“Oh, no – NOT MORE OPRAH!”

Are Obama Supporters Too Elitist?

Did you ever notice that the humor in the the site “Stuff White People Like” is not really about “white people,” but about upscale, educated white people? They are the ones interested in New Balance shoes and ipods. Of course, most of us don’t really care about the OTHER white people — the ones who live in trailer parks in Kentucky — they’re off our radar anyway, so it isn’t a big issue. Not working class minorities. Those we do find interesting. But working class white people.

Can we add “Supporting Obama” as “Stuff Upscale, Educated, White People Like?” (at least the ones I read all the time on the blogosphere)

While I usually don’t write much about politics, I have been fascinated by the growing class distinctions in the Democratic race. You would think that this year’s election would be manna from heaven for the Democratic party, as the candidates include a woman AND a man of color. Instead, upscale white people, meaning most of the media, academia, and Democratic blogosphere are crazy over Obama, leaving Clinton with the underbelly of the party. Ironically, this group is helping Clinton win the nomination.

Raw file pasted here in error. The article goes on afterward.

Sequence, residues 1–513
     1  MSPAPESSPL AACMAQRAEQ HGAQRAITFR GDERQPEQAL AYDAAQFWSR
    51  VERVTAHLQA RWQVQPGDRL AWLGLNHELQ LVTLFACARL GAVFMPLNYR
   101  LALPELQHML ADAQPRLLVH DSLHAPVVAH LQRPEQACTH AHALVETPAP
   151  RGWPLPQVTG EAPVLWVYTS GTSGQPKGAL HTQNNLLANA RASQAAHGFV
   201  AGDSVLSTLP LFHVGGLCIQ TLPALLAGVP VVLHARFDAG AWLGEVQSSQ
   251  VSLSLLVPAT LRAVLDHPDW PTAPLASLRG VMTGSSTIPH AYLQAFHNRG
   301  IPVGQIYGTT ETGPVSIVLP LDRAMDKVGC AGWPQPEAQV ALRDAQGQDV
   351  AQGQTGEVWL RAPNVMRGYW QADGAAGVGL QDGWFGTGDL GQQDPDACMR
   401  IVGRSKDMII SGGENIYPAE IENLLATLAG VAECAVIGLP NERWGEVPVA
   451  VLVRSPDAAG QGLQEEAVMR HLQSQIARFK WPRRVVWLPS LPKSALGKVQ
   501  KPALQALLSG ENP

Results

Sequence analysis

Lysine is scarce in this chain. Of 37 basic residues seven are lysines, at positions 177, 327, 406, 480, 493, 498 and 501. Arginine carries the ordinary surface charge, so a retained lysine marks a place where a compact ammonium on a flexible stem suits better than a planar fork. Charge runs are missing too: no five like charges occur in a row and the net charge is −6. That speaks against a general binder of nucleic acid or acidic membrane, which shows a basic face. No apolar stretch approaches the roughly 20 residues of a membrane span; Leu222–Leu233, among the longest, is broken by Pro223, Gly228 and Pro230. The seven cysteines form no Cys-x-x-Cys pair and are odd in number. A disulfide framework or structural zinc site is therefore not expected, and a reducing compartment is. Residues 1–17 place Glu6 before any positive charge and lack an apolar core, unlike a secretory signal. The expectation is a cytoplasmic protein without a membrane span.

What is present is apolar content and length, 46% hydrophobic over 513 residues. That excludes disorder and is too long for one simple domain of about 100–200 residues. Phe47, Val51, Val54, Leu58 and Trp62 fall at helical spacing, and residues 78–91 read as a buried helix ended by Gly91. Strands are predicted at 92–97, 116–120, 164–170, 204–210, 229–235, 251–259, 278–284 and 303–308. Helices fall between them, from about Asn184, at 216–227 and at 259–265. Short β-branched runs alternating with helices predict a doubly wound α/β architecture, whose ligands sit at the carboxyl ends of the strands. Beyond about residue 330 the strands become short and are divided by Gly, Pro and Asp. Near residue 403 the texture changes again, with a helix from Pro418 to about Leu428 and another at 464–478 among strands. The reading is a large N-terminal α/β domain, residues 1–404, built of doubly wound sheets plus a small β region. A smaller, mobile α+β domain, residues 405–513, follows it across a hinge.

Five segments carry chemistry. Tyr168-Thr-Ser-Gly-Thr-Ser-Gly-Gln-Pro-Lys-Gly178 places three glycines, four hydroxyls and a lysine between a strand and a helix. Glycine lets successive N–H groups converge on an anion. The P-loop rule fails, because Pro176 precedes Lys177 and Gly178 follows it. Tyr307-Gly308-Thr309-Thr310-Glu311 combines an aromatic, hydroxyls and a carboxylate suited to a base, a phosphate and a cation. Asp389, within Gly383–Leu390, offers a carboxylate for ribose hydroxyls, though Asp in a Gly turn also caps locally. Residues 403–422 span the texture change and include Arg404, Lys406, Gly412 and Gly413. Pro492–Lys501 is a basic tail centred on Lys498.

Obama is a great orator, someone who inspires the intellectual with visions of hope (which means living in a country that isn’t run by George Bush), but the actual working class seems to be voting for Clinton. They gave her the victory in Pennsylvania. Why isn’t the working class inspired by Obama? Is it because Clinton gets down and dirty and speaks to the real-life issues that face these citizens rather than speaking in flowery tones about hope? Is it racism, where the Archie Bunkers of the world feel more comfortable with a woman than a man of color?

I think we should partly blame ourselves… and our own elitism, which is affecting the whole election. While the Democratic party was once the strong hold of the working and middle class, most of the upper middle class now look on them with disdain. Our issues are not their issues. Maybe we are embarrassed about our own humble backgrounds, wanting to maintain a certain sophisticated image as we Twitter away in our loft/office in San Francisco. Obama has been criticized as elitist, but I think he is only trying to appeal to his followers — us.

Here are a couple of Twitters I just read after Hillary’s victory speech in Pennsylvania:

Watching a Hillary Clinton “victory speech” is like watching puppies raping kitties.

Let me rephrase that, Hillary’s audience looks like the crowd that got turned away at the Jerry Springer taping.